Sometimes simple is better. Take the Step-Up. A great, simple exercise. It’s indispensable when training beginners as well as advanced athletes. A low, unweighted, assisted Step-Up is an ideal exercise to return injured or de-conditioned athletes to functionality. A high, weighted Step-Up is challenging for even the most gifted athlete.
Step-Ups are as functional as any other exercise in our lexicon and are infinitely scalable to all levels. To use a Robb Wolf-ism, Step-Ups are loaded with AKP (“Ass Kicking Potential!”).
The higher the step, the more flexibility is required in the hip joint. Gradual increases in step height will produce both stronger and more flexible hips. Loading the legs unilaterally will help identify and address muscle imbalances. Unilateral loading also creates a greater demand on the athlete’s balance and coordination than in a squat. Variations in isolateral and contralateral loading, i.e. loading the same side as the working leg or the opposite side of the working leg, puts a greater demand on the athlete’s midline stability.
The action of the legs is concentric and then eccentric. There are two basic stepping patterns: repeating (LRRL, LRRL) and alternating (LRLR, LRLR). The repeating pattern allows for the same leg to be used concentrically and then eccentrically. This is the preferred method for Step-Ups in my opinion for that reason. The alternating step is probably better for faster, unweighted Step-Ups or stair climbing drills.
Things to Remember
#1. Stay upright.
The shoulders, hips and back leg should form a straight line with no break at the hip. However there will be a slight inclination forward to put weight on the front foot.
#2. Keep the front heel down.
Keep the front heel down. Driving off of the front heel will allow for the hamstrings and glutes to do their share of the work.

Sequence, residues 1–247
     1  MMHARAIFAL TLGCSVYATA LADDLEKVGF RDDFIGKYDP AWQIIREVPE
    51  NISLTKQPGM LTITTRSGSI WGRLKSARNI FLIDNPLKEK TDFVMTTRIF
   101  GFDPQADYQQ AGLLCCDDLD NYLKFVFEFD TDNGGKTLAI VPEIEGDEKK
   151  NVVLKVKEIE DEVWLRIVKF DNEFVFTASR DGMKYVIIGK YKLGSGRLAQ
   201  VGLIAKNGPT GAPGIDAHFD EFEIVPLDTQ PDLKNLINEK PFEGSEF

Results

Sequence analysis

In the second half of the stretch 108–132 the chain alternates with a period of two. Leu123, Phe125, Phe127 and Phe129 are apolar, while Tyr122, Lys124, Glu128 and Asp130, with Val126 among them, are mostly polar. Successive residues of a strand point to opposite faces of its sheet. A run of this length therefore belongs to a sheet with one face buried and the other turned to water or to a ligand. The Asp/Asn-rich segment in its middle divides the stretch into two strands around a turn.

#3. Come all the way up to full extension on the working leg and lower down with control.
Note that an inability to come to full extension on one leg should be examined carefully to see if the load and box are the right height. If the athlete is unable to fully extend on the one leg it might be evidence of a faulty movement pattern or injury that needs addressing.
#4. Use consistent foot work.
Try to use the same leg both concentrically and eccentrically for each rep.
Things to Avoid
#1. Do not bend over or round your back.
#2. Do not push or jump off the back leg.
Make the front leg do all the work.
#3. Do not try to sneak the back leg up to help you finish the extension.
The athlete sneaking the back leg is an obvious sign that the athlete is not finishing their leg and hip extension on the working leg. This must be rectified before increasing the load or the height of the box.
#4. Do not go too high or too heavy too soon.
Use a short box and a wall or a PVC pipe for balance. Make sure your athletes are completely competent at doing this before progressing them further.
#2. Farmer Style.
Hold a weight in one or both hands in the hang position.
#3. Rack position.
Hold a weight in the front squat rack.
#4. Zercher style.
Hold a weight in the crook of the elbows. This is a great variation when using sandbags.
#5. Back rack position.
Hold a weight in the high bar back squat position.
#6. On the shoulder.
This is great for sandbags. It’s not the front or the back position but the weight sits comfortably on either shoulder.
Hold the load overhead with the arms extended and the shoulders active.
Thanks to Jacinto for modeling.
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